Mandatory life sentences for those who kill an emergency worker in the course of their duty will be introduced by the government.
Known as 'Harper's Law,' the bill has received Royal Assent, which occurs when the Queen agrees to make a bill into a law.
It is given once a bill has completed all the parliamentary stages in both houses.
Lissie Harper campaigned for the law after her husband, PC Andrew Harper, was killed while he responded to an attempted burglary.
PC Harper, 28, died from his injuries when he was caught in a strap attached to the back of a getaway car in Sulhamstead, Berkshire, in August 2019.
He was dragged down a winding country road as his teenage killers fled the scene of a quad bike theft.
Henry Long (19), Albert Bowers (18) and Jessie Cole (18), were jailed for manslaughter.
Getaway driver Long received a 16 year sentence, while Bowers and Cole were handed a 13 year jail sentence.
Ms Harper said her campaign came about through a "journey of devastation and realising that our emergency services don't get the protection that they need".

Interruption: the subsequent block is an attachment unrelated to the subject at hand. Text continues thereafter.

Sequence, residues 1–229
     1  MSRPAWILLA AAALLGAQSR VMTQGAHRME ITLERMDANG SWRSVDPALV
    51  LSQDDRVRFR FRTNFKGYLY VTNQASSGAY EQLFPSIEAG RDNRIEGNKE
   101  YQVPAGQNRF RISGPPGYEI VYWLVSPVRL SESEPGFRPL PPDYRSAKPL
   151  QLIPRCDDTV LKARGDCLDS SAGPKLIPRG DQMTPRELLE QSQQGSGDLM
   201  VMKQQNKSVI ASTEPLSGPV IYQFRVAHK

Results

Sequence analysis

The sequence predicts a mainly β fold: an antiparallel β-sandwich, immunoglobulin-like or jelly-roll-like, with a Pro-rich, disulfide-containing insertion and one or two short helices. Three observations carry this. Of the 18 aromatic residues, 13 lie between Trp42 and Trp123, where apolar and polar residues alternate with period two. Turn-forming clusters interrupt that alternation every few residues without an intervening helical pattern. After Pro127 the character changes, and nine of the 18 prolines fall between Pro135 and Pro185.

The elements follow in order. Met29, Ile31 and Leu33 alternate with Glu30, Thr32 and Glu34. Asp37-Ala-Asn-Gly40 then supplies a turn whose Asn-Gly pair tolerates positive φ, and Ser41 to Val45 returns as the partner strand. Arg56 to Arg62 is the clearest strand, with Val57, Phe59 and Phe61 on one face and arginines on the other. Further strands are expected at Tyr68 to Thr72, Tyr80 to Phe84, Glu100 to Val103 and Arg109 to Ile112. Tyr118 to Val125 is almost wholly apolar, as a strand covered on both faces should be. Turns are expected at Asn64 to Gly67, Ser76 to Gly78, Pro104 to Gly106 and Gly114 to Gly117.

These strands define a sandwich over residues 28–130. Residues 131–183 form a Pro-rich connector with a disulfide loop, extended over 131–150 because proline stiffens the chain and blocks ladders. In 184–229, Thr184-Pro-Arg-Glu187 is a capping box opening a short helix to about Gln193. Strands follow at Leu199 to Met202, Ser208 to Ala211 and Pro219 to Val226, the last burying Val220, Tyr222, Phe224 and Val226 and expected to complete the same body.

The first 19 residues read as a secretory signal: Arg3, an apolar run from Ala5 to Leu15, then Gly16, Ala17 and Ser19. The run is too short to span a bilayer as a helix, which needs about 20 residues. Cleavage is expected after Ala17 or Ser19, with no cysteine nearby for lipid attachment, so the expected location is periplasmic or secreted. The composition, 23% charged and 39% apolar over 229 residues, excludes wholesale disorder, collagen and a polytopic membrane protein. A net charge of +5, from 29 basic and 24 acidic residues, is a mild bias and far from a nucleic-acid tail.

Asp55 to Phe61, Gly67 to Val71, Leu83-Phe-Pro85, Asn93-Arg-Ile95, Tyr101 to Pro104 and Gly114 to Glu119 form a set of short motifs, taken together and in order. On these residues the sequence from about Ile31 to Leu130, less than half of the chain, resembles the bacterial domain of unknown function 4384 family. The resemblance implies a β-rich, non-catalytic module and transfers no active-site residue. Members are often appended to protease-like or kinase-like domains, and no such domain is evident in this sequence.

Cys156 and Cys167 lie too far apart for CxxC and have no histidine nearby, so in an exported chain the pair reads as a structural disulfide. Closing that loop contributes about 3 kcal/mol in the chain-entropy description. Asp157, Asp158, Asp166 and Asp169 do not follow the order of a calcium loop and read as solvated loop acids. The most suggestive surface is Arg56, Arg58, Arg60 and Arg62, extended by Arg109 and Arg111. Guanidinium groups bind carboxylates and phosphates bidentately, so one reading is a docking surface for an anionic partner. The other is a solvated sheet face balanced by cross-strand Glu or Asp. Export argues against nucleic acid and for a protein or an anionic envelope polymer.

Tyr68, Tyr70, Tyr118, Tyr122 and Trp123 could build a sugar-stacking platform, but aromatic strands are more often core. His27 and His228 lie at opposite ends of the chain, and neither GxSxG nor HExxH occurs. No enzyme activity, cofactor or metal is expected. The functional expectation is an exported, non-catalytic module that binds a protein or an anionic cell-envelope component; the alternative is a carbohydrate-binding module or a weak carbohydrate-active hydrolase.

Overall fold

'Harper's Law' means those who assault police or other emergency workers will see the maximum penalty doubled from 12 months to two years.
This includes frontline health workers, prison officers or fire service personnel.
The Act will also place a legal duty on local authorities, police, criminal justice agencies, health and fire and rescue services to work together to reduce serious violence.
It is one of four major bills that have become law, as part of the Police, Crime, Sentencing and Courts (PCSC) Act.
Lissie Harper, 31, said she intends to move forwards and effectively retire from public life when Harper's Law makes it onto the statute books.